Comparing technical dexterity of sleep-deprived versus intoxicated surgeons.

Mohtashami F, Thiele A, Karreman E, Thiel J - JSLS (2014 Oct-Dec)

The effects of sleep deprivation and alcohol intoxication on bimanual dexterity in performing simulated laparoscopic tasks. Task 1, cup drop; task 2, rope passing; task 3, pegboard exchange. The bimanual dexterity was scored along a 5-point scale for 9 subjects and the mean plotted.
© Copyright Policy - open-access
Related In: Results  -  Collection

License
Show All Figures
getmorefigures.php?uid=PMC4232403&req=5

Figure 6: The effects of sleep deprivation and alcohol intoxication on bimanual dexterity in performing simulated laparoscopic tasks. Task 1, cup drop; task 2, rope passing; task 3, pegboard exchange. The bimanual dexterity was scored along a 5-point scale for 9 subjects and the mean plotted.
Mentions: Other individual variables measured were errors (Figure 3), efficiency (Figure 4), depth perception (Figure 5), and bimanual dexterity (Figure 6). For every variable measured, the difference between tasks was significantly different (Table 1). Participants did significantly worse the harder the task they had to complete. However, for none of the outcome variables did the state of the participants differ significantly. The effect size in this case was r = 0.62, which is considered a large effect. In other words, participants were faster in the intoxicated state (Table 1).

Bottom Line: To study the effects of sleep deprivation on the surgical performance of surgeons, we compared simulated the laparoscopic skills of staff gynecologists "under 2 conditions": sleep deprivation and ethanol intoxication.However, the most difficult task took less time but was performed significantly worse compared with being sleep deprived.Notably, the evaluators did not recognize a lack of competence for the easier tasks when intoxicated; incompetence surfaced only in the most difficult task.

View Article: PubMed Central - PubMed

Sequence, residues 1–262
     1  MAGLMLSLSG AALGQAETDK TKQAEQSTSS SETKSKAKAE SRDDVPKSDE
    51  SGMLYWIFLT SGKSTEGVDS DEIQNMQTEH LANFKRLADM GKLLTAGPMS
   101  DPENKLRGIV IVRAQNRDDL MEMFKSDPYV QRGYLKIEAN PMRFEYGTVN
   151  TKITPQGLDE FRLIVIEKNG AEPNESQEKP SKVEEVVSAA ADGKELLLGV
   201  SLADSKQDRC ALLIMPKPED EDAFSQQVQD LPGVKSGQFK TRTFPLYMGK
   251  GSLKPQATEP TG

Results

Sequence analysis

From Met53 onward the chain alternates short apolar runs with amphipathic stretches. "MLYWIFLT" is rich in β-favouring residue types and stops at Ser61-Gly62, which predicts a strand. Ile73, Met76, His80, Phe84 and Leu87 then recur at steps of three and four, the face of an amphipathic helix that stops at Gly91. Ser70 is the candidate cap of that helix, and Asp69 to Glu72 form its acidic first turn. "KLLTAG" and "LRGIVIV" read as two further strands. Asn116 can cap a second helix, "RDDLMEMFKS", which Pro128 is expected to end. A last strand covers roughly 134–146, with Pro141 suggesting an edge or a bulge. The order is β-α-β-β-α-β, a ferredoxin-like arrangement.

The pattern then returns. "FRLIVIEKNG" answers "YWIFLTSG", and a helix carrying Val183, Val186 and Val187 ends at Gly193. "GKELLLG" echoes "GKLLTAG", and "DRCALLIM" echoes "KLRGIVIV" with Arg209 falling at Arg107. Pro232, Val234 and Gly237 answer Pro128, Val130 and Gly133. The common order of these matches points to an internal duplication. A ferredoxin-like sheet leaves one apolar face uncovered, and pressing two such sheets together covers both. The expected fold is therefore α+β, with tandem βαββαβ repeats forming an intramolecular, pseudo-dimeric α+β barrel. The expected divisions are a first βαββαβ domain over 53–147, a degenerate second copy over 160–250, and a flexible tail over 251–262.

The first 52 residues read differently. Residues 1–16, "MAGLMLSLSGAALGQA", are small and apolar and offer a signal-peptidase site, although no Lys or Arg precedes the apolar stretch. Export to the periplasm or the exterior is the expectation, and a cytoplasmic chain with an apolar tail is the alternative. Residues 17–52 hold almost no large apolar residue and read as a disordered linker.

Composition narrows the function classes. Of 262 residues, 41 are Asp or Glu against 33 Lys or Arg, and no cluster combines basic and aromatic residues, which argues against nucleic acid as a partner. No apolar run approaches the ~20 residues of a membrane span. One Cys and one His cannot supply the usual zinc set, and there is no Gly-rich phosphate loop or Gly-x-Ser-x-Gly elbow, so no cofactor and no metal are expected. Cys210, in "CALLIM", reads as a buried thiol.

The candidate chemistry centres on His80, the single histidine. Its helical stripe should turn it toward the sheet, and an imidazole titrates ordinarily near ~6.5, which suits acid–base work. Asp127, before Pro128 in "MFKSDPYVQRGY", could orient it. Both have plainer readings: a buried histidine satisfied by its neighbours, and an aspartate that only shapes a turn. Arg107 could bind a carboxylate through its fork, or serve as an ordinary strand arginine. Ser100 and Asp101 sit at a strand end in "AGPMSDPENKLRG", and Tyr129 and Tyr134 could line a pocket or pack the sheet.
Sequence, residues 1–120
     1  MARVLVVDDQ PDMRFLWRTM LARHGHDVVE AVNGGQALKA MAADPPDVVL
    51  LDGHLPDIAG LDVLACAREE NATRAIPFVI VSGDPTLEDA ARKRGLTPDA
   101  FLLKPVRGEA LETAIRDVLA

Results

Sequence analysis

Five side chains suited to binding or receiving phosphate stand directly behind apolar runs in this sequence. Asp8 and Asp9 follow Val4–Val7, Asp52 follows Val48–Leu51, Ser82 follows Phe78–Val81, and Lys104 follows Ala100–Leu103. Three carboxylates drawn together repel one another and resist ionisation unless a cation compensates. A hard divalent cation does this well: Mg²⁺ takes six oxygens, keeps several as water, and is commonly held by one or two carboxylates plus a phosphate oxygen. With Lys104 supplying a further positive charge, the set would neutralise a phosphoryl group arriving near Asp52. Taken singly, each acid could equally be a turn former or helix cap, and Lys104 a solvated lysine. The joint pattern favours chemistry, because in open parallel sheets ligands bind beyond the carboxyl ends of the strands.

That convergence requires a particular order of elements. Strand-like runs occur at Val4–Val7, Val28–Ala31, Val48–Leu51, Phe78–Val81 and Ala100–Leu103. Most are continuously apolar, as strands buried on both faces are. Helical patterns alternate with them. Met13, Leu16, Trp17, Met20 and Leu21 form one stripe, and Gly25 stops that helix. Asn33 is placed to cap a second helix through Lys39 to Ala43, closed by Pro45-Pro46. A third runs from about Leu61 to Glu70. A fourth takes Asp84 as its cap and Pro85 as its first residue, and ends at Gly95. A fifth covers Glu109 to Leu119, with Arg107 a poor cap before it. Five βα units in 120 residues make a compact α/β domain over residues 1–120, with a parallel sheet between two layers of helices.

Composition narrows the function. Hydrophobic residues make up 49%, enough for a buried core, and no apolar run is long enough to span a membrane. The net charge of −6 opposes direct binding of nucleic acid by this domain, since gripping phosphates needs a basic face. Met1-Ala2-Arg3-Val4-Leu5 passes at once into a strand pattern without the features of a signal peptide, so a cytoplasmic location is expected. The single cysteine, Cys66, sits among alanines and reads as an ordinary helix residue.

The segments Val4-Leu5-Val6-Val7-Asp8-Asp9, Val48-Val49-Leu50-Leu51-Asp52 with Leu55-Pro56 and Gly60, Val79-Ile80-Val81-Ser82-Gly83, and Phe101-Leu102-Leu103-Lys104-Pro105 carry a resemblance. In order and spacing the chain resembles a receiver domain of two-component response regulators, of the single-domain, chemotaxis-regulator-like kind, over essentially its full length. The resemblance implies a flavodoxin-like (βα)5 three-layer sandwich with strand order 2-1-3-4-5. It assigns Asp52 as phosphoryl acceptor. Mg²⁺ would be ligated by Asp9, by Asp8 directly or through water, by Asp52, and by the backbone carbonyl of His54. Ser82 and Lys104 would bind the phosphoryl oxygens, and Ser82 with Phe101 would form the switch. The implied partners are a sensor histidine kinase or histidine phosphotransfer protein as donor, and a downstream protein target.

Affiliation: Department of Obstetrics, Gynecology, and Reproductive Sciences, University of Saskatchewan, Regina Qu'Appelle Health Region, Regina, Saskatchewan, Canada.

ABSTRACT

Background: The evidence on the effect of sleep deprivation on the cognitive and motor skills of physicians in training is sparse and conflicting, and the evidence is nonexistent on surgeons in practice. Work-hour limitations based on these data have contributed to challenges in the quality of surgical education under the apprentice model, and as a result there is an increasing focus on competency-based education. Whereas the effects of alcohol intoxication on psychometric performance are well studied in many professions, the effects on performance in surgery are not well documented. To study the effects of sleep deprivation on the surgical performance of surgeons, we compared simulated the laparoscopic skills of staff gynecologists "under 2 conditions": sleep deprivation and ethanol intoxication. We hypothesized that the performance of unconsciously competent surgeons does not deteriorate postcall as it does under the influence of alcohol.

Methods: Nine experienced staff gynecologists performed 3 laparoscopic tasks in increasing order of difficulty (cup drop, rope passing, pegboard exchange) on a box trainer while sleep deprived (<3 hours in 24 hours) and subsequently when legally intoxicated (>0.08 mg/mL blood alcohol concentration). Three expert laparoscopic surgeons scored the anonymous clips online using Global Objective Assessment of Laparoscopic Skills criteria: depth perception, bimanual dexterity, and efficiency. Data were analyzed by a mixed-design analysis of variance.

Results: There were large differences in mean performance between the tasks. With increasing task difficulty, mean scores became significantly (P < .05) poorer. For the easy tasks, the scores for sleep-deprived and intoxicated participants were similar for all variables except time. Surprisingly, participants took less time to complete the easy tasks when intoxicated. However, the most difficult task took less time but was performed significantly worse compared with being sleep deprived. Notably, the evaluators did not recognize a lack of competence for the easier tasks when intoxicated; incompetence surfaced only in the most difficult task.

Conclusions: Being intoxicated hinders the performance of more difficult simulated laparoscopic tasks than being sleep deprived, yet surgeons were faster and performed better on simple tasks when intoxicated.

No MeSH data available.


Related in: MedlinePlus